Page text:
As Lancashire’s biggest business awards competition intensifies, entrants in the Manufacturer of the Year category go in front of the judges this week
Emblematic of its role at the heart of the Industrial Revolution, Lancashire continues to be a centre of manufacturing excellence.
From the production of fuel for the country’s nuclear power stations and fighter jets, to precision machined components, fabrics, specialist chemicals, paints and wallpaper, and food, Lancashire’s makers are renowned for their quality products at home and abroad.
They could be on the cusp of a boost, too, thanks to continuing problems with global supply chains as the economy emerges from the Covid-19 pandemic, the aftermath of the container ship blocking the Suez Canal last year, and the impacts of war in Ukraine.
From a shortage of computer chips for use in new cars that has caused second-hand car prices to rise sharply, to wheat, supply chain pressures on goods imported from China and elsewhere are causing many to start thinking about how we might be able to ramp-up local production in the UK to improve resilience.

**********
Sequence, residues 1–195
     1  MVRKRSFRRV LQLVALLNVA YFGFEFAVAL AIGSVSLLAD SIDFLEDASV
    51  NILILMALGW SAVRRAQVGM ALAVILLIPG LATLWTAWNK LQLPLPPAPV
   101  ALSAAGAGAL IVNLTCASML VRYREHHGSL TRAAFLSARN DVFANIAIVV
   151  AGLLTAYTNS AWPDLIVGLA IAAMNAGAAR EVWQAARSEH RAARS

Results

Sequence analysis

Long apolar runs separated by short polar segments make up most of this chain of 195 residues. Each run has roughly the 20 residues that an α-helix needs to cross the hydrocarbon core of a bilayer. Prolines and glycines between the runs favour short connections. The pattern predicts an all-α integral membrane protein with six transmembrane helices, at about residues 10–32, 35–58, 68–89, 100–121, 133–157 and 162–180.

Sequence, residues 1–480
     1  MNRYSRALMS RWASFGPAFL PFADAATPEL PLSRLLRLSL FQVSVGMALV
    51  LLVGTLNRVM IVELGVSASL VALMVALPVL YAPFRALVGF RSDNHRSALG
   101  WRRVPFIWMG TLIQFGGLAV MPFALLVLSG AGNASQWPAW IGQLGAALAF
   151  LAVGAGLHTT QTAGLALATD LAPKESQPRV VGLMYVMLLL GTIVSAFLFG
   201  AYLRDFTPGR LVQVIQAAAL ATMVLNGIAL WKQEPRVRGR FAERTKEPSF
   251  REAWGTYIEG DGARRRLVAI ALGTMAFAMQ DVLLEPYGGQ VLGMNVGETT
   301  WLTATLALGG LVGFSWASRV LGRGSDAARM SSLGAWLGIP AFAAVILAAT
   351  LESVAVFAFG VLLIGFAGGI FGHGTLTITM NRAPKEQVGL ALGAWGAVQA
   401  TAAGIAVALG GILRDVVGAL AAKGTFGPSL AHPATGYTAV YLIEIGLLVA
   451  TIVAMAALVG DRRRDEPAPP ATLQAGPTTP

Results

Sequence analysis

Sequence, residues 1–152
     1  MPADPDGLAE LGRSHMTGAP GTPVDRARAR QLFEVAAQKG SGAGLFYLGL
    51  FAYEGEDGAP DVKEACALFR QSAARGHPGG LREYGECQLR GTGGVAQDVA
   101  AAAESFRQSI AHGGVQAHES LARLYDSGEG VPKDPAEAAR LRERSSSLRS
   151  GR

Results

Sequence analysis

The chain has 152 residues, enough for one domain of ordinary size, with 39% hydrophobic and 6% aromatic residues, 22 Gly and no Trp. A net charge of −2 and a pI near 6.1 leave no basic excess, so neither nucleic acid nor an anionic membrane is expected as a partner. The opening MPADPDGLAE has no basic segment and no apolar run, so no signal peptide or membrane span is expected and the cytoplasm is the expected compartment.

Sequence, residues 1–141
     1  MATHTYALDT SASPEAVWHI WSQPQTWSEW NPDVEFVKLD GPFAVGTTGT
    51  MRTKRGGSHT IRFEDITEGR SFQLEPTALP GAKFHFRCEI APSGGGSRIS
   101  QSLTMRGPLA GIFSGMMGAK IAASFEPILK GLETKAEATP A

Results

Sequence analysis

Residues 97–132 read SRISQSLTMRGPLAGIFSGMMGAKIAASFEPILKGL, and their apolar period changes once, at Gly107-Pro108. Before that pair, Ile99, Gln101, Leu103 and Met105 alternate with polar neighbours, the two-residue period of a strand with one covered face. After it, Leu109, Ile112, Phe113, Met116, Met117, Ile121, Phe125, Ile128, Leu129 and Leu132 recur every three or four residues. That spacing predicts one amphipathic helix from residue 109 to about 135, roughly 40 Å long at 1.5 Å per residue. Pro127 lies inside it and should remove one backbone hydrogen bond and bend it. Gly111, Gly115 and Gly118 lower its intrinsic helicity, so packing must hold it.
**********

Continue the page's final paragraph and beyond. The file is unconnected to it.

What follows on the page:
Brandon Daniels, chief executive at Exiger, which has developed software to analyse and reshape supply chains, recently said “the diversification of our supply chains is critical to our economic prosperity and national security”, and that the just-in-time supply chain model pioneered by companies like Toyota in the 1980s may now need a re-think.
Babs Murphy, chief executive of the North and Western Lancashire Chamber of Commerce that organises the Be Inspired Business Awards, or BIBAs, said: “Manufacturing as a proportion of UK economic activity has shrunk considerably over the years as businesses have moved production overseas to take advantage of cheaper energy and labour costs, but as current events show, this results in lengthy and complex supply lines that are at greater risk of disruption.
“By making more of what we need at home, we can make the UK economy more resilient to supply shocks like this. If you can, buy from fellow Lancastrian businesses too, because not only will this mean much shorter lines of supply, more of the money spent will then stay in our local economy.”
This week, BIBAs judges will meet businesses that are competing for the Manufacturer of the Year title, and will be eager to see evidence of them growing and supporting Lancashire-based supply chains according to Babs.
Also in front of the judges this week are firms vying for glory in the Most Resilient, Community and Service Business of the Year categories as well as Employer of the Year sponsored by Preston College and Global Business of the Year sponsored by Team Leyland International.